[tdwg-content] Expressing some relationships in DwC?

Richard Pyle deepreef at bishopmuseum.org
Wed Oct 26 20:24:34 CEST 2011

>  Well, I guess one could make the case that people who are not
> interested in RDF might want a DwC-only way to express this.

Maybe "not interested" is not the best way to put it.  Perhaps "not ready".

> I guess my point was that we seem to be talking about trying to
> invent a method to accomplish something where there already is a
> well-established way to do it.  DwC at the present has a very "flat"
> database orientation and I think the resource-relationship terms were
> introduced to allow for a "flat" way to describe resources that aren't
> really flat (i.e. 1:M or M:M).

Agreed.  But resourceRelationship is already in there, and as we both seem
to have discovered, nobody appears to be using it.  So...I think we at least
need to clarify how it's supposed to be used in a DwC context; or we should
let it die a slow, quiet death of non-use.  I guess I'm OK either way; but
given that it exists, and given that we seem to have people who don't want
to go all the way to RDF triples for all data exchange purposes (yet),
perhaps we should examine how best to use this already-existing DwC class,
modify it as needed to make it actually useful to those who want to use it,
and let it die after we're all pumping our data out via RDF that works
against a solid, stable ontology.

> It's based on the term definition and examples at
> http://rs.tdwg.org/dwc/terms/index.htm#relationshipOfResource
> which recommend a controlled vocabulary and give strings as the only
> I think that in keeping with other precedents in DwC your
> suggestion of "relationshipOfResourceID" might be better.


> Well, in terms of the type for the subject, I don't think there is any
reason to
> create a new term for that.  There is already rdf:type to do exactly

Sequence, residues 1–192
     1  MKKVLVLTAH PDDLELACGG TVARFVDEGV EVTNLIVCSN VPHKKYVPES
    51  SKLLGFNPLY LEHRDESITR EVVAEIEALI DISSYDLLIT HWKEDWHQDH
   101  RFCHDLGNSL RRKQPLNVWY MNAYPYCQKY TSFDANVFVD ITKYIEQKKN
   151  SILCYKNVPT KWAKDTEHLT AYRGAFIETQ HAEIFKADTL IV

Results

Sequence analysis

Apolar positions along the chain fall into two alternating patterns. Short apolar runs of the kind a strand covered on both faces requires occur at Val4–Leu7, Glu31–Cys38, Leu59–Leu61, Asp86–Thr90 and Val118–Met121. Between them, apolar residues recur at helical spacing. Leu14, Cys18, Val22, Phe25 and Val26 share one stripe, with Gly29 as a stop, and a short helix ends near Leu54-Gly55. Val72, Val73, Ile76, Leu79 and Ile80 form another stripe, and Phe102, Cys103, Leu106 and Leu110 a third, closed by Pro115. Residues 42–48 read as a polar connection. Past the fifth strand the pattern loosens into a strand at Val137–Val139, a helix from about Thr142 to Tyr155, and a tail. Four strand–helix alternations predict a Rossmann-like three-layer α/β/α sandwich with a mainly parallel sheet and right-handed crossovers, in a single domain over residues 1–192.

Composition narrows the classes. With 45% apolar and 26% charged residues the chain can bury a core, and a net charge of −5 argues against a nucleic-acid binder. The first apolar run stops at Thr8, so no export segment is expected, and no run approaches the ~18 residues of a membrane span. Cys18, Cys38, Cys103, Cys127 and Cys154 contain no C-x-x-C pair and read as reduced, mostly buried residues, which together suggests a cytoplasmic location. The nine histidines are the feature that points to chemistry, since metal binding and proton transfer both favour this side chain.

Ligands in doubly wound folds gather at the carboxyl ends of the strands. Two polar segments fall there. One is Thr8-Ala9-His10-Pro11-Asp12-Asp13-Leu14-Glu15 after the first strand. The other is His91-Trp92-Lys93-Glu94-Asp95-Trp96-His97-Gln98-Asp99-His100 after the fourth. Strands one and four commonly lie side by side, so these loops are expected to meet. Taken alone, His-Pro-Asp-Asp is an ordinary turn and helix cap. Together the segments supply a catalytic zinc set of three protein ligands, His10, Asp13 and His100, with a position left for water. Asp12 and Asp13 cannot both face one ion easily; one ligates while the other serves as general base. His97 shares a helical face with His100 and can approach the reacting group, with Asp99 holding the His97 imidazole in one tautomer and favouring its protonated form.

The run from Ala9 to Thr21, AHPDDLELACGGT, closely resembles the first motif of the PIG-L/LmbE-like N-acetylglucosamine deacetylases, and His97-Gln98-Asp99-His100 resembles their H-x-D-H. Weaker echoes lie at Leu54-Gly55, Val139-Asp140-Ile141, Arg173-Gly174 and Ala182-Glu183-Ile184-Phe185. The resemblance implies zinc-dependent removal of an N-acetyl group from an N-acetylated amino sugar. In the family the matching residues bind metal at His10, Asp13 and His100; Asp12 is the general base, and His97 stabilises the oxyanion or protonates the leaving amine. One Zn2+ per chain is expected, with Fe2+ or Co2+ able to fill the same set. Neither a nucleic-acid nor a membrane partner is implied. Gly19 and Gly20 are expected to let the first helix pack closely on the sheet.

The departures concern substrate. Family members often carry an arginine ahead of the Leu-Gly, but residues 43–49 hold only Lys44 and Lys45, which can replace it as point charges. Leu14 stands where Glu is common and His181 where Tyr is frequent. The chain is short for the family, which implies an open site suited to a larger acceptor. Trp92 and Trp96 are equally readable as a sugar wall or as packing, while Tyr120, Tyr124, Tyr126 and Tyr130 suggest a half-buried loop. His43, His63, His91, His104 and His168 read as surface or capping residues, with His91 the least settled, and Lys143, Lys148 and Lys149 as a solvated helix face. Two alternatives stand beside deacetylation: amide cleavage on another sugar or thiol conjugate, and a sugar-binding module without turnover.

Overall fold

Well...there's also dcterms:type, which is already part of DwC.  The
problem, though, that this would apply to resourceRelationshipID (i.e., the
"type" of relationship itself); not to the resourceID.  Technically, you'd
need to resolve resourceID to retrieve dcterms:type for the subject item.  I
don't know how rdf:type is intended to work in this context.

> Whether it would matter if DwC imports that term or not, I don't know.

How is it different from dcterms:type?

> It is certainly already "well known".  relatedResourceType could be a
> to accomplish what you want for the object.  We are still left with the
> that there is no consensus about what are the core "types" (which I
> to be equivalent to the question of what are the core classes) in our
> I've argued for adopting the DwC classes where they will do the job, but I
> heard too many people express support for that and there are necessary
> that don't exist (yet) within  DwC (e.g. a class for agents).

Can't DwC simply import terms from foaf, like it does with dcterms?

> Also, there are classes in the TDWG ontology that may or may not overlap
> DwC classes (most notably dwc:Taxon).  Do we use therm?

Perhaps.  I guess it would depend on demand and specific use cases.

> So in order for this to be of much value, it seems to me that there is a
need to
> hash out the core classes/types.  I was hoping the RDF group would take
that up,
> but it's not clear to me that there is support for doing that at this
> (was it discussed at the meeting?).

Yes, it was discussed at the meeting -- at least in the BiSciCol group and
the RDF group.  There seemed to me a growing interest in resurrecting a
discussion about a TDWG ontology, to see if it could be finished.  Not in
full-spec detail; but at least to the level of the DwC classes (and other
like-level entities).  I only caught part of the discussion at the RDF
group, but Cam was there.  It seemed to me that several people were citing
the Darwin-SW ontology as a starting point (ahem....).

> > The day when those are reality will
> > certainly come (I hope!), but in the mean time, we still need an
> > mechanism for certain content that is more complex than what can be met
> > DwCA.
> I agree.  I don't see any reason why the same relationships that one can
express in
> RDF triples couldn't be expressed in a database table.  But some of the
issues that
> must be addressed to make that work are (in my mind) the same ones that
> to be addressed to make RDF work as a metadata transfer mechanism.
> They could probably both be worked out at the same time to some extent.

Yes, agreed!  They should absolutely be worked out at the same time.

> Well, I actually wasn't so much concerned with the mechanics of actually
> handling the RDF as the fact that it makes more sense to me to have a
> generic URI to describe a particular kind of resource relationship than to

> have to parse out and interpret a string for every relationship that is
> to be described.  One of the points of RDF is that it doesn't have a
> single representation (e.g. it doesn't have to be represented as XML).
> But the subject, predicate, object relationship is basic and that's pretty

> much what we are talking about here.

OK, I agree.  It could be that resourceRelationship is a "gateway drug" to
get people into thinking in terms of triples.


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